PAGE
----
I like to think that if I had been alive in New York circa 1920-30 Dorothy Parker and I would have been a great friends. In reality, she’d have scared the crap out of me with her cleverness and very sharp tongue. In her poetry in particular, beneath some stellar wordplay, lurks irritation, rage,  frustration, boredom–with being female, with love, with the ridiculousness of men and relationships, with life in general–and an unrest that results in some slyly beautiful language. Here’s the first piece of my favorite sonnet:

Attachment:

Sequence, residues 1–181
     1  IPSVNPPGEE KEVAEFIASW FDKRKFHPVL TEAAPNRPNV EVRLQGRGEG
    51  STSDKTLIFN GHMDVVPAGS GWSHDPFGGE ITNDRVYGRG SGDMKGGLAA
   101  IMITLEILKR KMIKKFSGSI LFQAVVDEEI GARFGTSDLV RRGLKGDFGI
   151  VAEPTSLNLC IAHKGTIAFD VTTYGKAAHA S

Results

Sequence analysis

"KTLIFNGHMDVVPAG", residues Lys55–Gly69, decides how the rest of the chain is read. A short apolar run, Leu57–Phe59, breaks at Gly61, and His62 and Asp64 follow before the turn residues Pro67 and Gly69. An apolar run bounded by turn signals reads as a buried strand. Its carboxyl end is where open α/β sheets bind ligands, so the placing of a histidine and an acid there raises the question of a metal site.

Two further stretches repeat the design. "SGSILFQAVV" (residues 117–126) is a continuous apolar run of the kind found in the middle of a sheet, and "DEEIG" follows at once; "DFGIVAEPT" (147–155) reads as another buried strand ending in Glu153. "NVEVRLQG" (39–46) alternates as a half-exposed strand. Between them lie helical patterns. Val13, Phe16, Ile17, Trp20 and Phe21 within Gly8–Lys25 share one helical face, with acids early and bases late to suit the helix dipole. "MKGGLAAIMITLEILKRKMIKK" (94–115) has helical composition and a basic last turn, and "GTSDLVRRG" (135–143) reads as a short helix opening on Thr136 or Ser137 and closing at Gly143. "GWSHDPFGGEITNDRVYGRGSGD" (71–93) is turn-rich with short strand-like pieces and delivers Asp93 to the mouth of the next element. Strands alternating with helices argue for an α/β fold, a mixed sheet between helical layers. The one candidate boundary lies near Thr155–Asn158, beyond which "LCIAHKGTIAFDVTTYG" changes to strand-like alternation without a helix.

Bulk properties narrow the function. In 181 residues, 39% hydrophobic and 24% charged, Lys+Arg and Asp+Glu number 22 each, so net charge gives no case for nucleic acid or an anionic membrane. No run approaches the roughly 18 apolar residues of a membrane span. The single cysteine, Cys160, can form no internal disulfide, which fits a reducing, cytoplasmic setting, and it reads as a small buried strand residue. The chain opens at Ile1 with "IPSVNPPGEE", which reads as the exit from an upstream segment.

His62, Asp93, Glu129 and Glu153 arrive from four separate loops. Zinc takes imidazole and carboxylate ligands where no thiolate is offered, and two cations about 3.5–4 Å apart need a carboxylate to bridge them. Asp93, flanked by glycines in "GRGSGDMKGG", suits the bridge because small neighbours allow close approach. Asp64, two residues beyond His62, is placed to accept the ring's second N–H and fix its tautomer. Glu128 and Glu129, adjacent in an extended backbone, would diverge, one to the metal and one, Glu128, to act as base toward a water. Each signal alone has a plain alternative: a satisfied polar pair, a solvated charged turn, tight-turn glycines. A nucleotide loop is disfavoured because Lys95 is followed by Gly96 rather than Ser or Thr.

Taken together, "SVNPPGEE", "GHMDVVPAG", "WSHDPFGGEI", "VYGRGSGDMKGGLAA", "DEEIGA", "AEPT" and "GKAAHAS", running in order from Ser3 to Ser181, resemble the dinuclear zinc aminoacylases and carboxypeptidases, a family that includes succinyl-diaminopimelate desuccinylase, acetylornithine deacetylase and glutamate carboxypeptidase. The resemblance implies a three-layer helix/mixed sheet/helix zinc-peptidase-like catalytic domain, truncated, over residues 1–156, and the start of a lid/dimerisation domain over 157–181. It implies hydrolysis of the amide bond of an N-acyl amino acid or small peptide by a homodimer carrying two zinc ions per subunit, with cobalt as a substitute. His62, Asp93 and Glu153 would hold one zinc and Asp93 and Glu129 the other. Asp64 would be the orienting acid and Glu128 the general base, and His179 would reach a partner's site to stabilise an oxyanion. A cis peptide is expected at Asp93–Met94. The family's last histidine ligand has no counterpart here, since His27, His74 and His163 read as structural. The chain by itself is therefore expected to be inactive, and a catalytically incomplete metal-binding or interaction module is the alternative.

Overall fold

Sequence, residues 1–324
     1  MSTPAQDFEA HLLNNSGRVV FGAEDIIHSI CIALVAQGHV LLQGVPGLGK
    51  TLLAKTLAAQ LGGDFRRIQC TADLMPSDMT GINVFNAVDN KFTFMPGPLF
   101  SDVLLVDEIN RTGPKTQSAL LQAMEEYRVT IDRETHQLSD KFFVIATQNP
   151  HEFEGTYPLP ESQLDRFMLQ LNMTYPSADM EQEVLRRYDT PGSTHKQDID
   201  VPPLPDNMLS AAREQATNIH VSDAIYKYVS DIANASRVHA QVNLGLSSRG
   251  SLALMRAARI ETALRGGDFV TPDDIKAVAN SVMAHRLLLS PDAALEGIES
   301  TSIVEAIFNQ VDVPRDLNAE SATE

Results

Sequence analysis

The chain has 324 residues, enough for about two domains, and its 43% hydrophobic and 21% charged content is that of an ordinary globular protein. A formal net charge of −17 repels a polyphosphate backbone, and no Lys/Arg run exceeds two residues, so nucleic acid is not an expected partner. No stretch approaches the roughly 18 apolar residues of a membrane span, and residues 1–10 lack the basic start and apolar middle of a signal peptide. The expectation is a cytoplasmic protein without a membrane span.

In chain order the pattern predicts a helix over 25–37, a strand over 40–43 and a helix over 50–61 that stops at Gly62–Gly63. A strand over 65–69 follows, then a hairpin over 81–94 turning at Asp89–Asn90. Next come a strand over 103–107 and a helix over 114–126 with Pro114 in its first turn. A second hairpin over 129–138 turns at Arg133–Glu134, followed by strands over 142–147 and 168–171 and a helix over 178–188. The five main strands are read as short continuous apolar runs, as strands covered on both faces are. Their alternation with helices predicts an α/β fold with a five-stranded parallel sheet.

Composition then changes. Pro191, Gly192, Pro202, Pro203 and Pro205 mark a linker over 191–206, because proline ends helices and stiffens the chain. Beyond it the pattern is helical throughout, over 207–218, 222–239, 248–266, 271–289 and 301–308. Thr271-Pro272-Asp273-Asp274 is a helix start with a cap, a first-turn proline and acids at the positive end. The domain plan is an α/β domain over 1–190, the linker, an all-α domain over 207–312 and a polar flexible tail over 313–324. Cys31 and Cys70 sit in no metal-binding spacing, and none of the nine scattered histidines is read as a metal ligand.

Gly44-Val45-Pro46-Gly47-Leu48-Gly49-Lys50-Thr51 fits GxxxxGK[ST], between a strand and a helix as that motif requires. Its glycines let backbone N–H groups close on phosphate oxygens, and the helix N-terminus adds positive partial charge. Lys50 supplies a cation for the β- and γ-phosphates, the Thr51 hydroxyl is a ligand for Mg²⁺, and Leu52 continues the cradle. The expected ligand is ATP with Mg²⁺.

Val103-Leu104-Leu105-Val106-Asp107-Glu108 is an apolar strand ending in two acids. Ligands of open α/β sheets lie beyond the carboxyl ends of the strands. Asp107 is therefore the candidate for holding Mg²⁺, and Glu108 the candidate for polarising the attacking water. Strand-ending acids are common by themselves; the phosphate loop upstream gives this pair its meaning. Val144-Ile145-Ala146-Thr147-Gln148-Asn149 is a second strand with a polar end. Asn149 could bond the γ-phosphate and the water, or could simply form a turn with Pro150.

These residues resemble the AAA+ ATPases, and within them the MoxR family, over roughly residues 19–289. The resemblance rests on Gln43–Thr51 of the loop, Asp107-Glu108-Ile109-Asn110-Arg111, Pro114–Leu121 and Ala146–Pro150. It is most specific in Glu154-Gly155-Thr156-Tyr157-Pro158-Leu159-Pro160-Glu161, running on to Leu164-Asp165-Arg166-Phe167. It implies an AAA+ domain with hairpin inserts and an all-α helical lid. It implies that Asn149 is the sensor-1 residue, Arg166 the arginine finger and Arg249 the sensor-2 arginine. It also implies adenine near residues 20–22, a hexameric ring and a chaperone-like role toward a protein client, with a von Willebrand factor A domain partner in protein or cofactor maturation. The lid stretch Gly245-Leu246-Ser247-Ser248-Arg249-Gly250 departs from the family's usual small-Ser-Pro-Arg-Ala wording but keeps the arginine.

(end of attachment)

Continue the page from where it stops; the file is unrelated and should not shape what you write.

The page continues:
Fair Weather

This level reach of blue is not my sea;

Here are sweet waters, pretty in the sun,

Whose quiet ripples meet obediently

A marked and measured line, one after one.

This is no sea of mine, that humbly laves

Untroubled sands, spread glittering and warm.

I have a need of wilder, crueler waves;

They sicken of the calm who knew the storm.

Sweetness, obedience, humility…bleh. She goes on to ask for a reckless tide and desperate breakers to roar the heavens apart and how can one not agree? This is why I love Parker, and poetry in general–a few simple and beautiful words make me believe that nothing contributes more to living fully than turmoil, pain, and a reckless tide.

And, uh, humor too!  After dwelling for a while on the nobility of suffering, I turn the page and read:

News Item

Men seldom make passes/ At girls who wear glasses.

Thanks Dorothy!